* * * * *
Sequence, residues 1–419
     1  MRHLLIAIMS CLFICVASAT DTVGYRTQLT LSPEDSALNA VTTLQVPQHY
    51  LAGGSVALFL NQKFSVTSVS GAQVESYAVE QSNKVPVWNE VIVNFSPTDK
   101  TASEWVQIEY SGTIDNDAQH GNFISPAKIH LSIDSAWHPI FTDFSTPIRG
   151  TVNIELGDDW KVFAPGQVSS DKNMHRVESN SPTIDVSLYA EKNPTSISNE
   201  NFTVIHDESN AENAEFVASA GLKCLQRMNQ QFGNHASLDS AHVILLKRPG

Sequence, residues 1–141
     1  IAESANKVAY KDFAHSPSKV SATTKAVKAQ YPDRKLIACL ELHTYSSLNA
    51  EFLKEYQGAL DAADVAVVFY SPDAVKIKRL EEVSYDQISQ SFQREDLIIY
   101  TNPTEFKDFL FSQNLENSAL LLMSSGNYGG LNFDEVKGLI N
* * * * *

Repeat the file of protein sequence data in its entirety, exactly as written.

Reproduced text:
Sequence, residues 1–419
     1  MRHLLIAIMS CLFICVASAT DTVGYRTQLT LSPEDSALNA VTTLQVPQHY
    51  LAGGSVALFL NQKFSVTSVS GAQVESYAVE QSNKVPVWNE VIVNFSPTDK
   101  TASEWVQIEY SGTIDNDAQH GNFISPAKIH LSIDSAWHPI FTDFSTPIRG
   151  TVNIELGDDW KVFAPGQVSS DKNMHRVESN SPTIDVSLYA EKNPTSISNE
   201  NFTVIHDESN AENAEFVASA GLKCLQRMNQ QFGNHASLDS AHVILLKRPG

Sequence, residues 1–141
     1  IAESANKVAY KDFAHSPSKV SATTKAVKAQ YPDRKLIACL ELHTYSSLNA
    51  EFLKEYQGAL DAADVAVVFY SPDAVKIKRL EEVSYDQISQ SFQREDLIIY
   101  TNPTEFKDFL FSQNLENSAL LLMSSGNYGG LNFDEVKGLI N